“is to defend people who come with a divisive political message; people espousing genocide ideologies, or those suspected of planning terrorist attacks – like the individuals with intentions to throw grenades at peaceful, innocent Rwandans. Those are the people with the aforementioned violent agenda for which I cannot be part of.”

Afande Nzabamwita was busy taking notes and interrupting very little as I told him that I would do everything from here, home in Kigali, within Rwanda.

I will not be like those Rwandans who leave the country and when they are out hurl all sorts of abuses and never offer solutions in the process. I outlined more of what I have in mind to the high-ranking official:

When street vendors for instance are swept up and driven away in Police vehicles (and let’s emphasize here, the police are only doing their job; they are only enforcing policy made elsewhere) to be taken away to the detention center. When the same happens to young men suspected of being vagrants (inzererezi) and those too are taken to the same detention, aren’t we in danger of criminalizing poverty in Rwanda?

I absolutely agree, our cities and towns have to be clean and tidy and that truly is wonderful for the image of the country. But at what expense for those unfortunate not to have decent jobs, or who cannot even afford a basic business facility like a market stall? Yet they too have to eat (think of a widow with a child). Isn’t the solution maybe to tolerate these people, to hold regular meetings with them to clean up after themselves, and so on? And then as development forges ahead and more jobs become available, or when the country can afford more social services than it can at the moment, the problem will go by itself? Actually this issue has particular resonance for me, I told Afande Nzabamwita. Growing up as a refugee child in Uganda, our parents in desperation did similar work, selling foodstuffs out of a basket or vending milk in an aluminum can.

Another example: when city authorities implement wonderful things, like the car free zone that then end up creating losses for the small shops that end up bankrupting them, who then is liable for the loss? This is a real issue. And after it was realized the policy wasn’t working as well as intended, why not reverse the decision until all the reasons it didn’t work swimmingly are identified and rectified?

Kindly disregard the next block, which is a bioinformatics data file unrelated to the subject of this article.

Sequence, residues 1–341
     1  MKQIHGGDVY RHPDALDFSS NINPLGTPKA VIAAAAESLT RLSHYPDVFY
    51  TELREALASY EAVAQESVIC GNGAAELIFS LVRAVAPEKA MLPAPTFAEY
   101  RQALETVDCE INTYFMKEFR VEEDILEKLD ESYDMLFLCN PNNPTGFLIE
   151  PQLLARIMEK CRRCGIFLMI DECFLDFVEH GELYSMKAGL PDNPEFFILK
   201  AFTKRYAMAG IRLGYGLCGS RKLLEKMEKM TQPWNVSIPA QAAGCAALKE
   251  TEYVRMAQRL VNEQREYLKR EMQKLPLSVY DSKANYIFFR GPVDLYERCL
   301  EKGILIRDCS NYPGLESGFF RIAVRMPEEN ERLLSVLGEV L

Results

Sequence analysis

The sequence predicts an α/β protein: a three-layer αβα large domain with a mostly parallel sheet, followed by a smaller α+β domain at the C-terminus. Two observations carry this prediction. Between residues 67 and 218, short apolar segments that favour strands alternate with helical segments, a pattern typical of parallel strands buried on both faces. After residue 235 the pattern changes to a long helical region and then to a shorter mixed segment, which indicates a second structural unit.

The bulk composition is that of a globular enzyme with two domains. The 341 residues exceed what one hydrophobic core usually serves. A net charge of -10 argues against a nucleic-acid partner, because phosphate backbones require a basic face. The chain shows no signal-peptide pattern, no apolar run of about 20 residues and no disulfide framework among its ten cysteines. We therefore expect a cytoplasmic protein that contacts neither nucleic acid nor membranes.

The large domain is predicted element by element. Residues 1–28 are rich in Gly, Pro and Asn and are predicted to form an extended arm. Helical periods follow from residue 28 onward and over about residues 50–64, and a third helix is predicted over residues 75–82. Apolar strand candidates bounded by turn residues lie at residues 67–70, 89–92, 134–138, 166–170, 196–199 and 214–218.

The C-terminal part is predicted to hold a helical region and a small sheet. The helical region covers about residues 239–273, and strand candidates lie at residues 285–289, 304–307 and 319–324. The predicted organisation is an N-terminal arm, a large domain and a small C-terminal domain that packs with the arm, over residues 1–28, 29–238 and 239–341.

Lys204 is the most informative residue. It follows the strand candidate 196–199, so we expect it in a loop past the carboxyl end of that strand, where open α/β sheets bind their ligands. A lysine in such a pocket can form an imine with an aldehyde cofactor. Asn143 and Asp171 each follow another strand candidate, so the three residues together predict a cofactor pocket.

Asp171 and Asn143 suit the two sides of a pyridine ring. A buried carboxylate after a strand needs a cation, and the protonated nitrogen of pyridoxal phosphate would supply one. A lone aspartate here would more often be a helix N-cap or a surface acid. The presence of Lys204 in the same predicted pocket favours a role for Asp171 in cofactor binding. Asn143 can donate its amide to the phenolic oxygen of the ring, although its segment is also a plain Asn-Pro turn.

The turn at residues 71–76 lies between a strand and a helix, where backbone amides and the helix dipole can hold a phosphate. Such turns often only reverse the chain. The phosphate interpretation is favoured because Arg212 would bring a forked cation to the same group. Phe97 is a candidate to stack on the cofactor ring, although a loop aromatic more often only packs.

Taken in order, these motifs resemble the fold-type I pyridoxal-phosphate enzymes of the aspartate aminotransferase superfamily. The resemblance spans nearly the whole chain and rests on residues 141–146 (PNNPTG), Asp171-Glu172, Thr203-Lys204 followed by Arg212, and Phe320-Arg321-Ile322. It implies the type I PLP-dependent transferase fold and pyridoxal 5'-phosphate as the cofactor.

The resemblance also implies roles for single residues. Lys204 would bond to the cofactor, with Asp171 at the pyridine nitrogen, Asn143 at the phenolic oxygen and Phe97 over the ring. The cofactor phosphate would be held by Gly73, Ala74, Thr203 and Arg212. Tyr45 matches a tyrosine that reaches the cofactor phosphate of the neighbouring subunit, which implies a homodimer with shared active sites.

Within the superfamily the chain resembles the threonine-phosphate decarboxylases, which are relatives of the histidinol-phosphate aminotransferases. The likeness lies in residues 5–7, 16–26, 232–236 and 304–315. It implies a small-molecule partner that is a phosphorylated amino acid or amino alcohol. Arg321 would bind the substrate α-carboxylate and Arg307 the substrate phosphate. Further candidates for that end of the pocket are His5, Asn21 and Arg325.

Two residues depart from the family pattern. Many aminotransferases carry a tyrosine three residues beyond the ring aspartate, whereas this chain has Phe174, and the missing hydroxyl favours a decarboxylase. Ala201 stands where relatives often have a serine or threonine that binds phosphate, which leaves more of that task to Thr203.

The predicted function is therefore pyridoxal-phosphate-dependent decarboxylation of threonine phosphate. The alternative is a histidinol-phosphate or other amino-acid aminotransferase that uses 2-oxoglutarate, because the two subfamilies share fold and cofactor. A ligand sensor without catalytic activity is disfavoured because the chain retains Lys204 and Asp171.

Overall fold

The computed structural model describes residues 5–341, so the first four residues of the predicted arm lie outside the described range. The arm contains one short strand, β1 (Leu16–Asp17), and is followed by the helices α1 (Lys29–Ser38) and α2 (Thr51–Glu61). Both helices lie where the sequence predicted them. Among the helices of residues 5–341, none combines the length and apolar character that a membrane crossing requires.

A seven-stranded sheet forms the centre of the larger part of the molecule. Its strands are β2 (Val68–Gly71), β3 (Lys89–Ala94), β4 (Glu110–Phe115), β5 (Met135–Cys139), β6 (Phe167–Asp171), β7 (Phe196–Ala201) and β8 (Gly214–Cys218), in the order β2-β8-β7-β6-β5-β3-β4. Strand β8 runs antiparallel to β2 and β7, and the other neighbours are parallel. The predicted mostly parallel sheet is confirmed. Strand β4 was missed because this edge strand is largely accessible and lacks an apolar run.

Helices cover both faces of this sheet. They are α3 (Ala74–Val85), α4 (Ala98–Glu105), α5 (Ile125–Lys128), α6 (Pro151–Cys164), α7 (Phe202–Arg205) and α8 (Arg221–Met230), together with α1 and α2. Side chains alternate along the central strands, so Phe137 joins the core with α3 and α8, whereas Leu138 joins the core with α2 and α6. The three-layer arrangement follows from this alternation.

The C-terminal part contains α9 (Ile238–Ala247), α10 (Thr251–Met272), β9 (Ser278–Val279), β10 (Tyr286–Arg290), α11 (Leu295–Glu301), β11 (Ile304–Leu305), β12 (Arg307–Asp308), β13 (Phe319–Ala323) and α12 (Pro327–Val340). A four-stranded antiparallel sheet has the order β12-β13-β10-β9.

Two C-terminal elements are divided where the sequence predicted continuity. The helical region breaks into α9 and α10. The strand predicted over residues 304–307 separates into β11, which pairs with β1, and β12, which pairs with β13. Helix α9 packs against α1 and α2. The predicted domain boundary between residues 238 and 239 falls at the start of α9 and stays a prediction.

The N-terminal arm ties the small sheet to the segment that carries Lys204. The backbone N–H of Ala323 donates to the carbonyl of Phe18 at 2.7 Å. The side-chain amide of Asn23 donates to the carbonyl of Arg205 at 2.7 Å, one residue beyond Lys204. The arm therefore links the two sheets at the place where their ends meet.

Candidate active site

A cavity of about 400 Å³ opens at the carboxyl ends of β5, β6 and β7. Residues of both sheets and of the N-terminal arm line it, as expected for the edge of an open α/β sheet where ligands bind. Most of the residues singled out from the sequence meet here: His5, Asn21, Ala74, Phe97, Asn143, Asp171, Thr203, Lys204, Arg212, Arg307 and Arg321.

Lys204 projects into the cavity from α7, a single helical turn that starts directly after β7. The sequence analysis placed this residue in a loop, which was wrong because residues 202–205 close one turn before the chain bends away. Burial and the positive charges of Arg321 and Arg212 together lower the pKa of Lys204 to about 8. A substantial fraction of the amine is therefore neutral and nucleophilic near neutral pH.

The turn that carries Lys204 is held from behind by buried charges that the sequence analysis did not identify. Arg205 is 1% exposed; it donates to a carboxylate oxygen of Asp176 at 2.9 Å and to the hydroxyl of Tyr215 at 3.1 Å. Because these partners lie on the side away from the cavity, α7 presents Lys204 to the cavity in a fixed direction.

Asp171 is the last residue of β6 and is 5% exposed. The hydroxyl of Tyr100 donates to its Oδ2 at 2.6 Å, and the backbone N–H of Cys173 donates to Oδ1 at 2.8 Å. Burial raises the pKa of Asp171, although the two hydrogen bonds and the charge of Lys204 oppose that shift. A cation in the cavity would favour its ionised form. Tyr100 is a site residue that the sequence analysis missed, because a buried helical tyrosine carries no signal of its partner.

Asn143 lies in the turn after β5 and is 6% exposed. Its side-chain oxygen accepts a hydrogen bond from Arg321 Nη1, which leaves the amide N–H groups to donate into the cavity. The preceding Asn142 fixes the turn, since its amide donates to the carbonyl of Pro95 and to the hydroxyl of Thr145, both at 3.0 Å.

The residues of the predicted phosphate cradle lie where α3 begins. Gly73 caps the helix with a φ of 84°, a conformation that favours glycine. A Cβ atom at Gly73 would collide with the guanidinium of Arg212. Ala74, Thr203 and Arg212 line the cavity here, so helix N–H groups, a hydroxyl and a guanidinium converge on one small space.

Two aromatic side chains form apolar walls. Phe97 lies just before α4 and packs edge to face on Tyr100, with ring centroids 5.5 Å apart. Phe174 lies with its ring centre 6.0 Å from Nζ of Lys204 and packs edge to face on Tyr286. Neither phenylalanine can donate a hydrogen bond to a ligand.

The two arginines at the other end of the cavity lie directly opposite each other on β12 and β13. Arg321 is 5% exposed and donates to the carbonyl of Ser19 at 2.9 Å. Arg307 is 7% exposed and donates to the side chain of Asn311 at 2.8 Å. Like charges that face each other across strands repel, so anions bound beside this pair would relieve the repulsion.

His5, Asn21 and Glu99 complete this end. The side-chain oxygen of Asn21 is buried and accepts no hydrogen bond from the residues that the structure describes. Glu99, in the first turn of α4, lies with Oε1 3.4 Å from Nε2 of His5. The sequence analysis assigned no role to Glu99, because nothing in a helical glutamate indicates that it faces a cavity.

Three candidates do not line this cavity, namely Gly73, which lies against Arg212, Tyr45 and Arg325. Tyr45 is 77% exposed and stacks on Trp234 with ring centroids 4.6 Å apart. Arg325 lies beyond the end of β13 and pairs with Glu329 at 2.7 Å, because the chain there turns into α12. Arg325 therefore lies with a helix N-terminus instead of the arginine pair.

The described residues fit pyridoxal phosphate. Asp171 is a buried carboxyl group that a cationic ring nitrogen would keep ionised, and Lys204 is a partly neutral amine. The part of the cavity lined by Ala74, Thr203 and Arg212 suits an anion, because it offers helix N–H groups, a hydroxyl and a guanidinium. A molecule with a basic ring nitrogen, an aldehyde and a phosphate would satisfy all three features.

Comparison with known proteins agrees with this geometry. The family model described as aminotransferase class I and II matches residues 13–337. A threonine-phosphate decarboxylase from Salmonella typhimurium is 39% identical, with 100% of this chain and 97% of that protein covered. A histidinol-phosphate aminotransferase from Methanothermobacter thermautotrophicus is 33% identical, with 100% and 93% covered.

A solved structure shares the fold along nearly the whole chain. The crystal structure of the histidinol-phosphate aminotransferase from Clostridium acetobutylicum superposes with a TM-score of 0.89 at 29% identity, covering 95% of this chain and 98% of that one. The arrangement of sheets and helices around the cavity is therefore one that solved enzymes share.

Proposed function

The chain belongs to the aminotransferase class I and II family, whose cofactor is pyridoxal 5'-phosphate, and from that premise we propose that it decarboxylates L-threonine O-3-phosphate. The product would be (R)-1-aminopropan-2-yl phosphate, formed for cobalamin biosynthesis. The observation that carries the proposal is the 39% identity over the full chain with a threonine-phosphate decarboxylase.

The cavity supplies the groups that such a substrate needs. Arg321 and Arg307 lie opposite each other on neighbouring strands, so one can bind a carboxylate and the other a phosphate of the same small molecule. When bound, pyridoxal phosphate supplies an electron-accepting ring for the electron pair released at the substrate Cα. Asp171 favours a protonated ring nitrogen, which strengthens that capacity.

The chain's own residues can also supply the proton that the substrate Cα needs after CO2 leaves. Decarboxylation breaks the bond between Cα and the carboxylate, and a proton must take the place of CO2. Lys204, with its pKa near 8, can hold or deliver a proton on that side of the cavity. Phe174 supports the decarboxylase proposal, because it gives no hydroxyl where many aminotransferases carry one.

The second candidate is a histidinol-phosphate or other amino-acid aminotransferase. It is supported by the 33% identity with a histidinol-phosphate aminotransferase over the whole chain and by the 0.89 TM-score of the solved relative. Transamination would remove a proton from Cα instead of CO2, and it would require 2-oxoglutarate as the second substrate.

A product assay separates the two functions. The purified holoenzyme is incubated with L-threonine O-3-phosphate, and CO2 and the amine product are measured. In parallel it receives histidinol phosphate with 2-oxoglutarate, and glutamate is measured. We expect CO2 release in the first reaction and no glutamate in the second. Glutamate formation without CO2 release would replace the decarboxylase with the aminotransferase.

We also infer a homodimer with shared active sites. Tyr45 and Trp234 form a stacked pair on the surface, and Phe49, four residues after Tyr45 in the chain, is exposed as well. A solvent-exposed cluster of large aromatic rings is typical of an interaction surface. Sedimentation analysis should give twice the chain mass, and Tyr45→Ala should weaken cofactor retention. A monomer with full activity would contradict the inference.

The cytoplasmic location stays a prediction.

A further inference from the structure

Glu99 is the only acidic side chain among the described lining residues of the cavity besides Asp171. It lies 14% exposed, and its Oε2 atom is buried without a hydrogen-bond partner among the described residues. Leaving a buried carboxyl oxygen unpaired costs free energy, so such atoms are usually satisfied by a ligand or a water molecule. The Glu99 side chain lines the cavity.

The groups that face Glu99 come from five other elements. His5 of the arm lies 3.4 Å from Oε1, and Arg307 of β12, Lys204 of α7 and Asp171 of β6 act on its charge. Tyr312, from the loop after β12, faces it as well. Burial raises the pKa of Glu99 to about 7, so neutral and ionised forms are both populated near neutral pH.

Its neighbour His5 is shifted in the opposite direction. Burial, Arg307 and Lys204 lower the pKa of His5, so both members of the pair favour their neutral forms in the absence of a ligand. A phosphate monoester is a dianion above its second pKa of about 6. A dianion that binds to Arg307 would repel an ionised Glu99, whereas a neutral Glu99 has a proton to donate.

We had a long chat and I left. A couple of days later I got another call from the NISS chief’s office. This time Brig. Gen. Nzabamwita looked considerably less happy. I can say he was positively seething with anger at me though he never used any threatening language, or shouted or anything like that. This is an educated intelligent man whose motto is: “I want to run an intelligence service that is intelligent.” His was controlled anger. I was surprised, but again not surprised. I had said I everything I did, I would do it within the confines of our laws, so I didn’t see the reason for his anger. But he is in charge of intelligence and perhaps in some way or other he thought I was making his work harder for him?

I reassured him again, as we parted company, of my utmost conviction of the necessity to our maturing democracy of the kind of activism I am intent on doing, and that where anything contravenes the law most definitely I will not be part of that.

p.s. when responding to this post, please avoid abusive, disrespectful language. We want to have a civil discussion please.


  1. A very good piece of politico-intellectual exercise. With regards to rwandan society in its globality , and due to a variaty of factors , we may end up with a kind of ” applied democracy” . What can be seen as pure expression of genuine political concerns in western countries may, in some cases, likely be synonymous with ethnically motivated politics. We have two diametrically opposed poles ,socio-politico-ethnically. Worse is that reciprocal manichean view tutsis and hutus have ones towards others. For example, what will ones take as “divisive” will not necessarilly be understood as such by someone else who looks at the issue from his/ her different angle of view. Politics in Rwandan society is very delicate and almost a matter of subjective ethnical ideologies. The language and slogans used vehicling a pure razmataz demagogy.

  2. Hullo Mr. Kanuma;
    I read your article with interest. I think the brigadier is just doing his job and that is to check out the sources of potential ‘trouble”. I anticipate more invitations from the Brigadier in the future for you.

    From experience in my country Uganda, the path you have chosen may lead to uncertainty in the short term but before long you may be asked/invited to join the government because political activists can be out or in the government.

    Musajja wa Kabaka

Comments are closed.